Mazzocchi and the Moment



In recent months I’ve been thinking a lot, more than usual, of Anthony Mazzocchi, longtime official of the Oil, Chemical, and Atomic Workers International Union, leading presence in the movement for occupational health and safety, and one of the very brightest lights of a serious working-class politics in the post-World War II era until his too-early death in 2002. Tony often observed, regarding capital’s revanchist attack on working people that has steadily intensified over the last four decades, that what we would now call the neoliberal Democrats had nothing to offer those who have been or fear being ground into the dust by the juggernaut. He cautioned that, if the left and the labor movement didn’t find ways to connect with that growing population of those hurting and to offer credible explanations of the sources of their condition and plausible strategies for fighting back, other, nasty and dangerous tendencies would. That perspective reflected a deeper view of politics that guided the thousands of us who, for nearly all the 1990s and most of the first decade of this century, struggled to articulate and advance an unambiguously working-class politics through the effort to build an independent Labor Party, of which Tony was the “Founding Brother” and animating force. In the 2015 issue of the Socialist Register, Mark Dudzic and I laid out an assessment of the state of the left and labor movement in the U.S. and the challenges that face us that is rooted in that perspective.

So here we are. I know that Tony wouldn’t take any pleasure at all in being correct, but Christian Parenti’s thoughtful rumination on Trump’s working-class support underscores just how much he was. Since Tony’s death, the Democrats’ failure to address working people’s concerns and interests has, if anything, gotten worse. Democratic neoliberalism has generated its own version of a left wing that not only has little place for the working class; it even denigrates them. Watching any random episode of “Real Time with Bill Maher” makes that clear. But I’m not talking only about the “white working class” that has become a hot topic for long-distance psychoanalysis via parsing exit polls and attitude surveys and faux ethnography. Black and other nonwhite working people have been disappeared into categories of ascriptive identity, as have their female and LGBTQ counterparts.

That disappearance is the real takeaway from the persisting complaint during the campaign for the Democratic nomination that Bernie Sanders was inattentive to black Americans’ concerns. No amount of pointing out that every item in the Sanders platform would disproportionately benefit blacks, other nonwhites, and women could penetrate the posture of complaint. To some extent that was because the complaint was either a smokescreen for commitment to Clinton or a stratagem of the familiar hustle of “attacking targets most likely to be sympathetic and kicking in open doors to demand voice or standing not justified by links to actual constituencies or demonstrated political capacity.” It was also, however, an expression of the idea, as historian Judith Stein put it “that the highest item on the black agenda must be something uniquely for blacks and that racial disparity is the only disparity that counts.”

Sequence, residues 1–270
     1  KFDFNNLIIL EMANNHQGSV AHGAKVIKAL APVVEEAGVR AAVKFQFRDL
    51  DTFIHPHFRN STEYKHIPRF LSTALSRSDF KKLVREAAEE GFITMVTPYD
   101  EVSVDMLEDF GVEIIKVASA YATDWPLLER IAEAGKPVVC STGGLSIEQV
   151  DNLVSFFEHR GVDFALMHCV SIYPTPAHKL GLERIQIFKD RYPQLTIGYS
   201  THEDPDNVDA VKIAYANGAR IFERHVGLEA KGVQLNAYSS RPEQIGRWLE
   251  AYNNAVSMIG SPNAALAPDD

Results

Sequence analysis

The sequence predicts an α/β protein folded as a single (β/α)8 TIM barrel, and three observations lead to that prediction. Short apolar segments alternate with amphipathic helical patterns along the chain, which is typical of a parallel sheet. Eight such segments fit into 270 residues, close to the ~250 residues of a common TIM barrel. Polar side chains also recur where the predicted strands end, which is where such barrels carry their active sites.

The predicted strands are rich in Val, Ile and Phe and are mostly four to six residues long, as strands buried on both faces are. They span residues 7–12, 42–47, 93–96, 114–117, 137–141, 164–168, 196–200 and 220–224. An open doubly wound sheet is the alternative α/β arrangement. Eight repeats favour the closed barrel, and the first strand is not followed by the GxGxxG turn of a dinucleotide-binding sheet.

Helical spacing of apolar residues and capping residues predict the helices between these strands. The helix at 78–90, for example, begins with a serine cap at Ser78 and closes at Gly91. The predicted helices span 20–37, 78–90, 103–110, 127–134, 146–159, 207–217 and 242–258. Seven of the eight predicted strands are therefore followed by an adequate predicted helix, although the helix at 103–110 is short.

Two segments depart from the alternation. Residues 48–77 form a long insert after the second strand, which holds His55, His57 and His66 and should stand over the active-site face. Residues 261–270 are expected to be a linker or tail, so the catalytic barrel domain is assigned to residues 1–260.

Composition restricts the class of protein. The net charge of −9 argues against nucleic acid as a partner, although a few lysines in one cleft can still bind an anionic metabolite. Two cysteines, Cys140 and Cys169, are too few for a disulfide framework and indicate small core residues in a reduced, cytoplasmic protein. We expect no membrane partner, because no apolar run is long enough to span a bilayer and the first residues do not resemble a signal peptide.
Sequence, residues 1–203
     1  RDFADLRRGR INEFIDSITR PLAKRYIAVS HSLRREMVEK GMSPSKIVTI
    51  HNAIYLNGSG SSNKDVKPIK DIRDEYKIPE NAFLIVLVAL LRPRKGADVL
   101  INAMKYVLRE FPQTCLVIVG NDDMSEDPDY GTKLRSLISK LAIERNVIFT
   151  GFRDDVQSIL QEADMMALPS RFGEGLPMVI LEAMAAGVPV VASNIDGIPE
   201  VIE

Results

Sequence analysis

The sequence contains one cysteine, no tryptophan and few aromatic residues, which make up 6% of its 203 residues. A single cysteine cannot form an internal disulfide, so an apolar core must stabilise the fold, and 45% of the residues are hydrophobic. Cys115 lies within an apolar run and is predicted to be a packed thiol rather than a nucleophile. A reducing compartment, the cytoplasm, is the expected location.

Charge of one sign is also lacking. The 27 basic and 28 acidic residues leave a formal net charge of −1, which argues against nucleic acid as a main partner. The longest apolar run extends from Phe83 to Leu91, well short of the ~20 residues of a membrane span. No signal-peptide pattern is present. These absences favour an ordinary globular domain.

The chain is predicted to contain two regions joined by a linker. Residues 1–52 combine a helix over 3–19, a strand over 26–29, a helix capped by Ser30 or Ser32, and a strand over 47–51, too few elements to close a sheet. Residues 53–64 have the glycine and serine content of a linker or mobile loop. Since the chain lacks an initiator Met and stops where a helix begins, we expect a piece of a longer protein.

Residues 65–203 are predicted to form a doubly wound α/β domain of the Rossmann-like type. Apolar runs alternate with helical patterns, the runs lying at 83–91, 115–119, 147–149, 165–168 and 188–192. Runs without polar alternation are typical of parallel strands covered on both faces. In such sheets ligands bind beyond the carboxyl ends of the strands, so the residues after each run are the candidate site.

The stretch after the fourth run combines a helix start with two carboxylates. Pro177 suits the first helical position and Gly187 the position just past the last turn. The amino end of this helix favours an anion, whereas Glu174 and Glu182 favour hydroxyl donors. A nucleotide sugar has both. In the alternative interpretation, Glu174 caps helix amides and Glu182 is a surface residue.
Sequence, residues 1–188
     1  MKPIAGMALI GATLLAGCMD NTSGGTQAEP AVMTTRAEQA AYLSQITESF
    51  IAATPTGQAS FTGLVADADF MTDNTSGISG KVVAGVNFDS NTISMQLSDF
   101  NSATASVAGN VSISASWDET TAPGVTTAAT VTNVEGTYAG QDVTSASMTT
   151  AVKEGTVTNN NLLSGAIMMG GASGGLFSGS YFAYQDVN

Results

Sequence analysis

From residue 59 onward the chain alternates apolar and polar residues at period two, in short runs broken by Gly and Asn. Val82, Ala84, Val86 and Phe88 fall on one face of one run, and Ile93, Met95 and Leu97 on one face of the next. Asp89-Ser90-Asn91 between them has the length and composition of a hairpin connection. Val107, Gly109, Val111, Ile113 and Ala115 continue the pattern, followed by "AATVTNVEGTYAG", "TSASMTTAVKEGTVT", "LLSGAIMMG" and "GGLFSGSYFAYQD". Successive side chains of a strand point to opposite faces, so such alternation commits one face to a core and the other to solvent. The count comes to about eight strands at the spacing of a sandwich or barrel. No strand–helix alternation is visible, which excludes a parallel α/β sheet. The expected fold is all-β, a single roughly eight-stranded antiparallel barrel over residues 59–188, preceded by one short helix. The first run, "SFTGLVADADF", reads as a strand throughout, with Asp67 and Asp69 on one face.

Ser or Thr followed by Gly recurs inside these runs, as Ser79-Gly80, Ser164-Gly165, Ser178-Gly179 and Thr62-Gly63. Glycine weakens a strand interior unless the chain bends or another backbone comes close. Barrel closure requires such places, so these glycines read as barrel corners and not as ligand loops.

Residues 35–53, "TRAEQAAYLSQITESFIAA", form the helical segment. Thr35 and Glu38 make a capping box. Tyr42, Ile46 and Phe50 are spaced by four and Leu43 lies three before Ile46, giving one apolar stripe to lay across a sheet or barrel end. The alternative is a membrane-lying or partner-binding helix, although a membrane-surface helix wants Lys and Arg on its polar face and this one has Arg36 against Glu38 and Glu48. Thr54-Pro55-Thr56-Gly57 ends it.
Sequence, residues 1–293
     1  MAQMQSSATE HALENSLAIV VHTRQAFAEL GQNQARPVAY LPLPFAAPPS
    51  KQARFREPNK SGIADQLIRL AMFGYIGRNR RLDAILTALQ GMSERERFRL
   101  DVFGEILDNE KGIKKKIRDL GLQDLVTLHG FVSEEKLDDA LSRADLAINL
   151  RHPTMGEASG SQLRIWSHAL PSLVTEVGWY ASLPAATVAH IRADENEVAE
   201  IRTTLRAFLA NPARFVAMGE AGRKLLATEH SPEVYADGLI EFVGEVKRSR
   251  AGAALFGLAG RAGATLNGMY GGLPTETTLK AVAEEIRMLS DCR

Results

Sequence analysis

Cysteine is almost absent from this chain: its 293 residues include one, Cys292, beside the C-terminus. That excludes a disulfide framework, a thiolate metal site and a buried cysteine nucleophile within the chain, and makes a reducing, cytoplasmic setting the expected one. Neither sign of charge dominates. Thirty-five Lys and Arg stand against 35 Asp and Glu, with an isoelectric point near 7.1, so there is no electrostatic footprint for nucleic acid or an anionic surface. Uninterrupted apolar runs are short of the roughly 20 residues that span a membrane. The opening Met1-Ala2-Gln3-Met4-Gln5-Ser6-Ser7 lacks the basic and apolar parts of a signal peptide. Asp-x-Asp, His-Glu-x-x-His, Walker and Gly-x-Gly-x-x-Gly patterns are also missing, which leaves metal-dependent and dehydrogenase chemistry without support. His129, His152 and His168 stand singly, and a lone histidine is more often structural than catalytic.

As Stein points out, Democratic neoliberalism “never aimed to strengthen the working class, only to provide opportunity to leave it.” That opportunity can be for individuals only, and the implication is that those who fail to take advantage of it are in some way or other defective. But the view that expanding opportunities for individual upward mobility can create a just, or even a generally acceptable, society is only a convenient fantasy for the New Democrats whose class commitments don’t include working people. There is no capitalism without a working class, and there can’t be. And a politics built around dismissing or disparaging economic concerns of the working class—of all races, genders, and sexual orientations—in favor of counter-solidaristic discourses of “privilege” and disparity,1 while depending on working-class votes, is vulnerable to exactly the kind of reactionary tendencies Tony Mazzocchi warned about.

The most immediate challenge we face now is to prepare for what is going to be the political equivalent of a street fight that we’ll have to wage between now and at least 2018 just to preserve space for getting onto the offensive against the horrors likely to come at us from Trump, the Republican congress, and random Brown Shirt elements Trump’s victory has emboldened. At the same time, however, we need to reflect on the extent to which progressive practice has absorbed the ideological premises of left-neoliberalism. Defeating these reactionary tendencies will require crafting a politics based on recognition that the identity shared most broadly in the society is having to or being expected to work for a living and that that is the basis for the solidarity necessary to prevail and, eventually, to make a more just and equitable society.


This article was first published at on Nov. 21.

1. I’d like to thank Jamelle Bouiee.g., and—for his no doubt unintentional yet nonetheless wonderfully apt response to Jonah Birch and Paul Heideman’s contention that “there is little evidence to support the notion that movements and campaigns organized around ‘antiracist’ demands block the emergence of class-based, universalistic movements.”



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